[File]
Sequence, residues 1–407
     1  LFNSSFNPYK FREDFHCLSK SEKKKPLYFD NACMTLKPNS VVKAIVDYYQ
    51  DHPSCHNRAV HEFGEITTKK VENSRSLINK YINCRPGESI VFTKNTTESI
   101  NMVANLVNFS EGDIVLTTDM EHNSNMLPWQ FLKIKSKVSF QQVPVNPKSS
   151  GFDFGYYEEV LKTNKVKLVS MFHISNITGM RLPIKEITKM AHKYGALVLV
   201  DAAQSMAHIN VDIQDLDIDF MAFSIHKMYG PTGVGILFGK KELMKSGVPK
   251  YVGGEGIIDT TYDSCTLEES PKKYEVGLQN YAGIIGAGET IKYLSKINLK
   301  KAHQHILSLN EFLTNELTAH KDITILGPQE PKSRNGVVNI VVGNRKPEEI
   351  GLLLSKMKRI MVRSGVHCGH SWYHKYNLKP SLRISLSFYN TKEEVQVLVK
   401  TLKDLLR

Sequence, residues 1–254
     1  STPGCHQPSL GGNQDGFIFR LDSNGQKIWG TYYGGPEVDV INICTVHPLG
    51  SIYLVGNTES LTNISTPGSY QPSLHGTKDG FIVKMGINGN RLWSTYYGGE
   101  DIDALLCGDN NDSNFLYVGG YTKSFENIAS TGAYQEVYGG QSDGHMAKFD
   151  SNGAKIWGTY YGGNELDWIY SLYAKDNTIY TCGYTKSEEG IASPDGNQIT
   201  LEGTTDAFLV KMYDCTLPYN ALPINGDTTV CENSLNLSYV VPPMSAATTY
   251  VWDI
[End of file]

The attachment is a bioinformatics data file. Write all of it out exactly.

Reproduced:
Sequence, residues 1–407
     1  LFNSSFNPYK FREDFHCLSK SEKKKPLYFD NACMTLKPNS VVKAIVDYYQ
    51  DHPSCHNRAV HEFGEITTKK VENSRSLINK YINCRPGESI VFTKNTTESI
   101  NMVANLVNFS EGDIVLTTDM EHNSNMLPWQ FLKIKSKVSF QQVPVNPKSS
   151  GFDFGYYEEV LKTNKVKLVS MFHISNITGM RLPIKEITKM AHKYGALVLV
   201  DAAQSMAHIN VDIQDLDIDF MAFSIHKMYG PTGVGILFGK KELMKSGVPK
   251  YVGGEGIIDT TYDSCTLEES PKKYEVGLQN YAGIIGAGET IKYLSKINLK
   301  KAHQHILSLN EFLTNELTAH KDITILGPQE PKSRNGVVNI VVGNRKPEEI
   351  GLLLSKMKRI MVRSGVHCGH SWYHKYNLKP SLRISLSFYN TKEEVQVLVK
   401  TLKDLLR

Sequence, residues 1–254
     1  STPGCHQPSL GGNQDGFIFR LDSNGQKIWG TYYGGPEVDV INICTVHPLG
    51  SIYLVGNTES LTNISTPGSY QPSLHGTKDG FIVKMGINGN RLWSTYYGGE
   101  DIDALLCGDN NDSNFLYVGG YTKSFENIAS TGAYQEVYGG QSDGHMAKFD
   151  SNGAKIWGTY YGGNELDWIY SLYAKDNTIY TCGYTKSEEG IASPDGNQIT
   201  LEGTTDAFLV KMYDCTLPYN ALPINGDTTV CENSLNLSYV VPPMSAATTY
   251  VWDI